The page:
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Of course, the phrase ‘trial by media’ has become much known in the world recently. In fact, many experience media trials in different countries in the world including Bangladesh. One of the recent most notable events in Bangladesh is the event of Pori Moni who was arrested from her home a few days ago. Both printed and electronic media covered a range of previously unknown facts about her. Of course, such sort of coverage is not new at all in Bangladesh.  But the coverage of the facts of Pori Moni in the mainstream and social media has by this time led some to raise the issue of media trail in Bangladesh anew.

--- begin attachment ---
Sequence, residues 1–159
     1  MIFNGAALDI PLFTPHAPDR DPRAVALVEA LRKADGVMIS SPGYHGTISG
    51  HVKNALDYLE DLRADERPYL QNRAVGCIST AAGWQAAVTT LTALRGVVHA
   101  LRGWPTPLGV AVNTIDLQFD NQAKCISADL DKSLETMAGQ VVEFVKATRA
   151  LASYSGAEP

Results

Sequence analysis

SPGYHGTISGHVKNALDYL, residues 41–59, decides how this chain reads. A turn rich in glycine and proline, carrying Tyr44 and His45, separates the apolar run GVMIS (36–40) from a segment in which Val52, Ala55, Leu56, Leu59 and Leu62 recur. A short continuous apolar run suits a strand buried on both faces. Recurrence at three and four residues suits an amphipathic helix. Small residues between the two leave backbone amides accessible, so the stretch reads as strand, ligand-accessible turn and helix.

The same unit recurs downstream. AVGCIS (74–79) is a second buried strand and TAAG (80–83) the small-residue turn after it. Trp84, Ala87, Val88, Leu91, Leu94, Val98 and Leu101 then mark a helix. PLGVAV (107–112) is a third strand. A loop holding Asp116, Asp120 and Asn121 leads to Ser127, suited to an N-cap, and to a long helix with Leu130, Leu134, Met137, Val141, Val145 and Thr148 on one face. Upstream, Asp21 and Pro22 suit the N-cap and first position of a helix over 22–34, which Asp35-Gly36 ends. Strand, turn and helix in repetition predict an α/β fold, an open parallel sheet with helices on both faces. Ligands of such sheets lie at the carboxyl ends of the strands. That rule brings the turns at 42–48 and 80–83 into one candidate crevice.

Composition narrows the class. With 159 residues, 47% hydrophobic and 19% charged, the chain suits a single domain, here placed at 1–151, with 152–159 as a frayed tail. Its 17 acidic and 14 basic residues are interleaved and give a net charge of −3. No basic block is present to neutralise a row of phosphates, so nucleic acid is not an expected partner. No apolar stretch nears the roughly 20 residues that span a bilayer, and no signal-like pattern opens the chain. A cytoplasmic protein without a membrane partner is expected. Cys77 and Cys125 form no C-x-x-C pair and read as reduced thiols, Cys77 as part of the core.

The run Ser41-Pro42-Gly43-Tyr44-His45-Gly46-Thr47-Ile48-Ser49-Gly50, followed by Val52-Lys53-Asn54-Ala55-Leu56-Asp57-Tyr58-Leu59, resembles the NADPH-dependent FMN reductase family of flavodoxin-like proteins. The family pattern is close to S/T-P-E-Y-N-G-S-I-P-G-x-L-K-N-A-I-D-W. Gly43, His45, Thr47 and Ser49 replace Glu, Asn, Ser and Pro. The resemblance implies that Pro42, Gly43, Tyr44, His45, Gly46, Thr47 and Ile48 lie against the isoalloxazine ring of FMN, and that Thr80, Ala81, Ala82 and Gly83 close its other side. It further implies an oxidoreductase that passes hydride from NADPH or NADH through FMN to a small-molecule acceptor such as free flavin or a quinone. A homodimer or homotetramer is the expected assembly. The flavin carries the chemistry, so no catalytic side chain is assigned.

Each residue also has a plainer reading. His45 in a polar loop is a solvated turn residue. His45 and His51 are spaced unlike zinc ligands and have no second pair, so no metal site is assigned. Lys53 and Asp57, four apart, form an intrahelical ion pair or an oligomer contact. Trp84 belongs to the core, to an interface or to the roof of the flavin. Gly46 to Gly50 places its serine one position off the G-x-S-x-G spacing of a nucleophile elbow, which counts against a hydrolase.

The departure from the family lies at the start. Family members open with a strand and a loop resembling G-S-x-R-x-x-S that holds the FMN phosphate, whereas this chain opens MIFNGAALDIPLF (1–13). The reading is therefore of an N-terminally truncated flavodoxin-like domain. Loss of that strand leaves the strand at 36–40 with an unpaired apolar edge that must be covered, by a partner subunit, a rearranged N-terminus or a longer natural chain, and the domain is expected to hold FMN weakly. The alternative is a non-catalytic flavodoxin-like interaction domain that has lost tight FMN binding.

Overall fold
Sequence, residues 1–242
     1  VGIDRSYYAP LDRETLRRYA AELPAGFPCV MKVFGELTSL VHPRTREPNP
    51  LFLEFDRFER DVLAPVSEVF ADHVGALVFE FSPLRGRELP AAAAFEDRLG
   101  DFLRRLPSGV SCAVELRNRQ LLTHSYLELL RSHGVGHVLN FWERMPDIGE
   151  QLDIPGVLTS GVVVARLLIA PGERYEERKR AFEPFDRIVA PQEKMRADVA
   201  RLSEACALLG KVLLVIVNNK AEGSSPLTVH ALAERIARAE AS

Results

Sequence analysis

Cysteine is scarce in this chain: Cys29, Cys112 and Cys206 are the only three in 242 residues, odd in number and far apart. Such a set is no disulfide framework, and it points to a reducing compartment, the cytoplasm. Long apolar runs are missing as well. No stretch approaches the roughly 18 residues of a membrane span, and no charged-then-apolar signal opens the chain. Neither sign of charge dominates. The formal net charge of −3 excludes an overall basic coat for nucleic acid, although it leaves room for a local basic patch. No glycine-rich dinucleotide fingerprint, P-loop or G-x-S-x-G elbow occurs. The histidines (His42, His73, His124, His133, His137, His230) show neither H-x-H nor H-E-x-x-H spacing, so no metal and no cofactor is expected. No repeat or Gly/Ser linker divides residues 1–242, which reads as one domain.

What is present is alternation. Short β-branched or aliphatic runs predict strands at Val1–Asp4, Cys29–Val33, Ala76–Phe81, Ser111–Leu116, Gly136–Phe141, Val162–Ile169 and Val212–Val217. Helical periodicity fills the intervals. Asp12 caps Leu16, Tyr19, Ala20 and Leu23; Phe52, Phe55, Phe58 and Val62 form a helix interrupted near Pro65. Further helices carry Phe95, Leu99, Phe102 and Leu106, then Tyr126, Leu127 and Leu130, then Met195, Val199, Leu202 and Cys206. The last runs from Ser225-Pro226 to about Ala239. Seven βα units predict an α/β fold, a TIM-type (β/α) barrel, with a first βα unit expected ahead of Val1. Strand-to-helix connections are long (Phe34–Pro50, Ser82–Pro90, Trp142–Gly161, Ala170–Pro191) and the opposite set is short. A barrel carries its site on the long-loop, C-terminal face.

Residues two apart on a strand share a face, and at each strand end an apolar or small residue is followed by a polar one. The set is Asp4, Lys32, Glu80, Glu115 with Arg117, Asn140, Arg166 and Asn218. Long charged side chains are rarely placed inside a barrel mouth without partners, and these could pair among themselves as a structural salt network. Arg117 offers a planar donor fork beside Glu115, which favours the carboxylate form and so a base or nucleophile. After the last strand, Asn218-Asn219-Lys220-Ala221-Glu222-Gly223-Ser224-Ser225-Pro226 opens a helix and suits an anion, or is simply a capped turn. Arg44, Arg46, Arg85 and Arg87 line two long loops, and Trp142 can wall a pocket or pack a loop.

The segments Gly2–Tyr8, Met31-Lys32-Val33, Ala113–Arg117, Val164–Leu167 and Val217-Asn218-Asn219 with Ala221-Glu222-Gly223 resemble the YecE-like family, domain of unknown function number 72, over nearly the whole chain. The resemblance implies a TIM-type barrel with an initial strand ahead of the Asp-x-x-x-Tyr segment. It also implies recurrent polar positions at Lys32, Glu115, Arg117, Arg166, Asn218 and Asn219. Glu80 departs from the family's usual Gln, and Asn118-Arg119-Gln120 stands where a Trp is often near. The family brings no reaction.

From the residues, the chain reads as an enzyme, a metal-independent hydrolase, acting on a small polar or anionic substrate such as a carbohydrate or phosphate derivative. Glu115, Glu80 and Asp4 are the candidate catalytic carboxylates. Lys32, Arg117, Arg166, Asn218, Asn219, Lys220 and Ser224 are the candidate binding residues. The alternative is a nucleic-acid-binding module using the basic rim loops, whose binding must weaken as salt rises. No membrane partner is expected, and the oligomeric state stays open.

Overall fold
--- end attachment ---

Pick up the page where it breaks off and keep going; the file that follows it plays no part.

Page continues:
Notably, media trial is broadly defined as the process in which the media takes a case in its own hand and declares a person(s) either as guilty or not guilty before or after the verdict of the court. Alternatively saying, it occurs when media — directly or indirectly — declare someone as guilty or innocent or create a widespread perception of guilt or innocence before, or even after, the verdict of the court, intentionally or unintentionally. Instead of focusing on the establishment of accused persons as innocents, the meaning of media trials can sometimes refer to the coverage that makes accused persons guilty before the verdict. For instance, the Indian Supreme Court defines media trial as “the impact of television and newspaper coverage on a person’s reputation by creating a widespread perception of guilt regardless of any verdict in a court of law”. Of course, media trail is usually affiliated to renowned or high profile persons, although it may also occur for persons previously unknown publicly.